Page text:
Father Andres Mendoza first came into the United States in 1987 from Chiuahau, Mexico. He went from washing dishes at a restaurant in California, to hearing confessions of sin.
Father Mendoza wants lawmakers to make immigrants permanent citizens of the U.S. "My second time I came here was in 1993. I came as a seminarian to study in the U.S. at St. Mary University in Houston in order to become priest," said Father Mendoza.
He is a priest at the Our Lady of Guadalupe Catholic Church. He says the transition was not easy. He went from being a boy, raised in a poor family in Chiuahua, Mexico, to fighting for what he wanted out of life. He wanted to be an influence in America. "I feel so happy. I know we can make a difference in this country and give a lot to the United States," said Father Mendoza.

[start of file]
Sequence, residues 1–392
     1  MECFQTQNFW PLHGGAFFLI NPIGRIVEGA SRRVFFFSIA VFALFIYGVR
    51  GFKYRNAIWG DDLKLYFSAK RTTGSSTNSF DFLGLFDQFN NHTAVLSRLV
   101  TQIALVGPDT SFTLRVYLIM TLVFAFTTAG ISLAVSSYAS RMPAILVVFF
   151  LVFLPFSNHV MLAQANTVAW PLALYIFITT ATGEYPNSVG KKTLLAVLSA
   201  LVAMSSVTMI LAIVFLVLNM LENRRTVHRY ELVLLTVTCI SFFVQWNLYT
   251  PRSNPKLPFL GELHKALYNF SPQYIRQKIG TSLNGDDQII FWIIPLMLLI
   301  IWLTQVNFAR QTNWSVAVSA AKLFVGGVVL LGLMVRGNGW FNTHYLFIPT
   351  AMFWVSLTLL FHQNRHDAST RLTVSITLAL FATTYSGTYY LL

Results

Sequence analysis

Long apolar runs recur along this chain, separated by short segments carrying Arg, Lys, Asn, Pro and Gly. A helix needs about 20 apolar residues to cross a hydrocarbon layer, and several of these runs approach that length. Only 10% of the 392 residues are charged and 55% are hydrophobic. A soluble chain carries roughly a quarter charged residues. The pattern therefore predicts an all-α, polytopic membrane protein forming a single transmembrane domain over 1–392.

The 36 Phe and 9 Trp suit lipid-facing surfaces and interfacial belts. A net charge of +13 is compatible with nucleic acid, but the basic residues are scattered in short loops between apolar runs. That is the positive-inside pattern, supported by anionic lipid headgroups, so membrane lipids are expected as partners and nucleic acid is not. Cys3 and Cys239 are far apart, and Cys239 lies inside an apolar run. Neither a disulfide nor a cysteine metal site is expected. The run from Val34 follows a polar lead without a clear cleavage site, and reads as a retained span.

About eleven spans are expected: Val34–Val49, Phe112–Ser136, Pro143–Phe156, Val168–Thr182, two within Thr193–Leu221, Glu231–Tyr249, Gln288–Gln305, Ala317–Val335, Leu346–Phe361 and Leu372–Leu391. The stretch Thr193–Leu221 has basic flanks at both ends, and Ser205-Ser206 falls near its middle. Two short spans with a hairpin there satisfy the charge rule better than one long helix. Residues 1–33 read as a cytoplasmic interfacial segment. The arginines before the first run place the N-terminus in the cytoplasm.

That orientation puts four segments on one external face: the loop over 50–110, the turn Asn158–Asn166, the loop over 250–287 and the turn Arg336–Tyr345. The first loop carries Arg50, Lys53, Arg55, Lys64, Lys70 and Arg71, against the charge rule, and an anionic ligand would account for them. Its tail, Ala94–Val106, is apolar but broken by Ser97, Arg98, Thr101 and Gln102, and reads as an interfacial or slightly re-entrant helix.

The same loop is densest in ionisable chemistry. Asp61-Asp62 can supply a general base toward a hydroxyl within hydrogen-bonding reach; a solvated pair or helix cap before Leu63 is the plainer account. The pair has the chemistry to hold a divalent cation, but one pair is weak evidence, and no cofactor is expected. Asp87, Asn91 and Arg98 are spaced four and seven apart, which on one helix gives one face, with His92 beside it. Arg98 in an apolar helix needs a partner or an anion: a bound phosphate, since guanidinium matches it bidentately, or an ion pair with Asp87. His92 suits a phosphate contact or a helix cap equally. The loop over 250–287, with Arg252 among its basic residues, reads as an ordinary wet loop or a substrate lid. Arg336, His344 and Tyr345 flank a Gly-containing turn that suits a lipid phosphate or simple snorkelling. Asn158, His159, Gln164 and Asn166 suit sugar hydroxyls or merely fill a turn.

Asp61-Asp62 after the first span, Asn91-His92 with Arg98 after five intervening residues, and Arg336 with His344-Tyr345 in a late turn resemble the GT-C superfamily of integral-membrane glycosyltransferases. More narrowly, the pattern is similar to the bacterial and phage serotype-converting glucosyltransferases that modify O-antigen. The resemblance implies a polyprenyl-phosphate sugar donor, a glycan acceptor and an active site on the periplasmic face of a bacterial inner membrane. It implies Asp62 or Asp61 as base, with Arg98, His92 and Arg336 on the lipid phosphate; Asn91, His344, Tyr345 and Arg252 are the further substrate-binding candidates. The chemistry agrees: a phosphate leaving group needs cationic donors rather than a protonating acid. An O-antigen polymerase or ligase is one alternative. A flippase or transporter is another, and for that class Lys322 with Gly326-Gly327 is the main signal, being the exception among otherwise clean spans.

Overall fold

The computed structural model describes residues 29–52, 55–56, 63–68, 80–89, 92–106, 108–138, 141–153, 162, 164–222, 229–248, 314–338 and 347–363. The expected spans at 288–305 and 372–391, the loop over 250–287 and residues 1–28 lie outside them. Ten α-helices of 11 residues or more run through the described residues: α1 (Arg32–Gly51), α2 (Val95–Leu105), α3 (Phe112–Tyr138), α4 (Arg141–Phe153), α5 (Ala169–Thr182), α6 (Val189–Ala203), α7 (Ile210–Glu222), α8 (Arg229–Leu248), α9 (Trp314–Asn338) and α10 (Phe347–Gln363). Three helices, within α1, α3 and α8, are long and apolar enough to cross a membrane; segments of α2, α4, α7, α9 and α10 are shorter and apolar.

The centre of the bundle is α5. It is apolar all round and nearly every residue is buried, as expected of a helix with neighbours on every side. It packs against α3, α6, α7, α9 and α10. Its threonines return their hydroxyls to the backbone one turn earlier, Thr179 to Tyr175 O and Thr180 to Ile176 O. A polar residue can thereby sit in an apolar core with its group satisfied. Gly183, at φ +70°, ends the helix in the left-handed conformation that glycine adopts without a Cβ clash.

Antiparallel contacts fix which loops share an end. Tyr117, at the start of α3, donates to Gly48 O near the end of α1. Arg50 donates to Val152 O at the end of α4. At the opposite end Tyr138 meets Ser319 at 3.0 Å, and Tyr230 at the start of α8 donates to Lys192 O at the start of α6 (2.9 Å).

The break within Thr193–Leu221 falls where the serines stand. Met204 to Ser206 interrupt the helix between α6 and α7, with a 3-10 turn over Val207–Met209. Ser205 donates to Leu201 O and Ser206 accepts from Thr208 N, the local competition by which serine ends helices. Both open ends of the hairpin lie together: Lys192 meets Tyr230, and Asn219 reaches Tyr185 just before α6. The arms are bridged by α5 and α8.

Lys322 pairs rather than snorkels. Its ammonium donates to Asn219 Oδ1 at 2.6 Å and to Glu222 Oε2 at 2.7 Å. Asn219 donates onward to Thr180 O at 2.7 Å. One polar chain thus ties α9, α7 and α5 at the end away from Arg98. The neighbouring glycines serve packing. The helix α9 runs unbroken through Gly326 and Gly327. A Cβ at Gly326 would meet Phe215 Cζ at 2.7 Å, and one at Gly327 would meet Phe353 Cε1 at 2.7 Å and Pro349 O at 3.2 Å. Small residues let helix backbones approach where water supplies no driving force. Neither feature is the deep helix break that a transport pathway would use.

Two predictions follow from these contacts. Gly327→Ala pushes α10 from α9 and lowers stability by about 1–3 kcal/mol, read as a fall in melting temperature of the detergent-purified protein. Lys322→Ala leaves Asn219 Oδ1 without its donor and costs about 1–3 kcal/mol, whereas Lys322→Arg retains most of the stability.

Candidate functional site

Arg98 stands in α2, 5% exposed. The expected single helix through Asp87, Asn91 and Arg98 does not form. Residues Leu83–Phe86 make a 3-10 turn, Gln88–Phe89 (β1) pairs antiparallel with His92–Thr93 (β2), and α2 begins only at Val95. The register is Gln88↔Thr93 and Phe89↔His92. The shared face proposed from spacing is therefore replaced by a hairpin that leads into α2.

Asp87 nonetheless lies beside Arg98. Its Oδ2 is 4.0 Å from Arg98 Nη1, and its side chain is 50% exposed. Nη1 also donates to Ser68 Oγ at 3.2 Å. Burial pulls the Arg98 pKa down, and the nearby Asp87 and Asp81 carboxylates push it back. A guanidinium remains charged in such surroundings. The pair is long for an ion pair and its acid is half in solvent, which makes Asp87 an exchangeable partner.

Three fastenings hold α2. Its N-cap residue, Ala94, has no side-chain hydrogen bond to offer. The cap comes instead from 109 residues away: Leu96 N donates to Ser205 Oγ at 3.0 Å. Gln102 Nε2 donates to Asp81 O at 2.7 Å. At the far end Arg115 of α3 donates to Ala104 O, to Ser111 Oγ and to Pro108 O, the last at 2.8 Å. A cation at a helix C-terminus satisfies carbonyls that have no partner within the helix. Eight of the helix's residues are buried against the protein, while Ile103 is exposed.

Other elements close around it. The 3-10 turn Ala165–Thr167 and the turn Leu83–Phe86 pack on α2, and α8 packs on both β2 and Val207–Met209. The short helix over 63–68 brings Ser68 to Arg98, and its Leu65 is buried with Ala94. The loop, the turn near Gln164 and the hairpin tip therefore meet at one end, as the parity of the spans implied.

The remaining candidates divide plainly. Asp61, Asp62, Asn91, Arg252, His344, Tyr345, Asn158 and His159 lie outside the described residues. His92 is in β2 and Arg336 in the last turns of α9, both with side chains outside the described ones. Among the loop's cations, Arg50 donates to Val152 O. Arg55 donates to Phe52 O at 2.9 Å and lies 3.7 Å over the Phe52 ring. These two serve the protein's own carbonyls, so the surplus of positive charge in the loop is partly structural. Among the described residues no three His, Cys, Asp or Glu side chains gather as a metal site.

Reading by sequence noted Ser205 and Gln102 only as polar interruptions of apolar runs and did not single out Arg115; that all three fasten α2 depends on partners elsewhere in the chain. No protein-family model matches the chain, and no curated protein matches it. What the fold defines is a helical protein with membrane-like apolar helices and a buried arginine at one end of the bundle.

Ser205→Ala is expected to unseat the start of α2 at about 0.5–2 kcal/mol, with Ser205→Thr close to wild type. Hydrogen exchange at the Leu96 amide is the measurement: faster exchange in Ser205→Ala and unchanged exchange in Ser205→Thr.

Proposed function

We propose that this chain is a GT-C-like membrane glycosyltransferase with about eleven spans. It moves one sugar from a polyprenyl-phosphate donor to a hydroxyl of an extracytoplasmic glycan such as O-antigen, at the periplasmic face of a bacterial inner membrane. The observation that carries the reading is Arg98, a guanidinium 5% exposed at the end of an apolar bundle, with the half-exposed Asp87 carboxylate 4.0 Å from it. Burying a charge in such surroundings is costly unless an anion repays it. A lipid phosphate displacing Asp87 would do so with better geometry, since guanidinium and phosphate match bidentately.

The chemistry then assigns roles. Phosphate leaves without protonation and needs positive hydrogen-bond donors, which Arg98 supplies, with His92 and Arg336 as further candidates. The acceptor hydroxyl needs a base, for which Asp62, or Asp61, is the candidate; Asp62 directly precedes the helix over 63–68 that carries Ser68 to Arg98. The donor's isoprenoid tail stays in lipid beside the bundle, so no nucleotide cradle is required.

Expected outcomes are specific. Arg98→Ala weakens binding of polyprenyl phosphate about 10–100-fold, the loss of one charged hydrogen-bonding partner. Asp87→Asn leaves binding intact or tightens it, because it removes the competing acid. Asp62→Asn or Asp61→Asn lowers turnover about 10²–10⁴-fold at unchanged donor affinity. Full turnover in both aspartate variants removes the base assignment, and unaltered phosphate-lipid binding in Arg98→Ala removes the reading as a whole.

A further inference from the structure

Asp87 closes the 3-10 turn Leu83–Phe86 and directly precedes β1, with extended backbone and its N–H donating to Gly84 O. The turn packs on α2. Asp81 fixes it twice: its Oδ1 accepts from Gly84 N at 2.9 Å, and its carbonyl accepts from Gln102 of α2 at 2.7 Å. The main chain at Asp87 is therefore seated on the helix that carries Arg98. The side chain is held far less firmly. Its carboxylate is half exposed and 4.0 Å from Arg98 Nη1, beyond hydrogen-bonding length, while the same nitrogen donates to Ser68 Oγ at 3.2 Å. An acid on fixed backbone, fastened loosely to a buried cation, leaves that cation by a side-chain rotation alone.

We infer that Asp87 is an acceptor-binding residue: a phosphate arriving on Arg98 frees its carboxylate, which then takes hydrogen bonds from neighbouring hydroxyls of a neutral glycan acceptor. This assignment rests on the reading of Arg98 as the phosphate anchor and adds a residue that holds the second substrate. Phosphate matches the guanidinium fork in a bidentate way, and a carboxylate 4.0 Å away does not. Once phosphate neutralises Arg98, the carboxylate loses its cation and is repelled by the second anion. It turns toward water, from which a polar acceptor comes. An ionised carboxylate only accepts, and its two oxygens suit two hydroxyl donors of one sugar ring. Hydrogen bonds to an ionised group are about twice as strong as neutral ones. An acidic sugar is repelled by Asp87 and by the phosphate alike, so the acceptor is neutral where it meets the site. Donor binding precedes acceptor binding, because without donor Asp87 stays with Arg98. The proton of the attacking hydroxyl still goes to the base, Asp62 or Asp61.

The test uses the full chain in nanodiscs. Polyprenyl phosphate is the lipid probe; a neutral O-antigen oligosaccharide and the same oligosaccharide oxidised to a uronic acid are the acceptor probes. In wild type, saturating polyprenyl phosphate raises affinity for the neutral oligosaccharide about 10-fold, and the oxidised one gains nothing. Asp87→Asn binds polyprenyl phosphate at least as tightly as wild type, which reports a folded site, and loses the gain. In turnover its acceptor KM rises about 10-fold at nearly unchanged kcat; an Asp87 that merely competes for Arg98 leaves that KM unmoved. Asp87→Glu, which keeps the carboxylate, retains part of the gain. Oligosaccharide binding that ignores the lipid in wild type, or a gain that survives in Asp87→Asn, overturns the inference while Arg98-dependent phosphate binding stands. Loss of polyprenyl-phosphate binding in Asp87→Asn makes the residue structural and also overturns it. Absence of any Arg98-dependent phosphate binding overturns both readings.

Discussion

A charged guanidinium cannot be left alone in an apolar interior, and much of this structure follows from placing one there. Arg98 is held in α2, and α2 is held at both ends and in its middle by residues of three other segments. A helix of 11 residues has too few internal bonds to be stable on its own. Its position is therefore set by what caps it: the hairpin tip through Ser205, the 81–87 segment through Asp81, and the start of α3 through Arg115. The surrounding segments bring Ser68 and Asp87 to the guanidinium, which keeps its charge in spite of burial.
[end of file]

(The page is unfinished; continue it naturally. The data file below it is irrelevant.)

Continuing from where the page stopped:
"I'm very proud to participate (Monday) in this rally and this march because I consider myself an immigrant," he said. "These are my people. I have the same feelings because I know the suffering. I know the struggles we go through. Now, I consider the U.S. to be my home," he said.
Father Mendoza says seven of his brothers are now U.S.citizens. Even his parents are living in Lubbock. "I am already a permanent resident. In a few months, I am going to be a citizen of the U.S."
Mendoza was once considered an illegal immigrant. It took at least seven years to become a resident and he's expected to get his citizenship status in a few months. Father Mendoza says there are approximately 150,000 immigrants in the surrounding Lubbock area.
Lubbock Immigrants, Supporters Take To The Streets
Some carried Americans flags, others carried signs but it was the masses that carried a message of protest to federal representatives from Lubbock.
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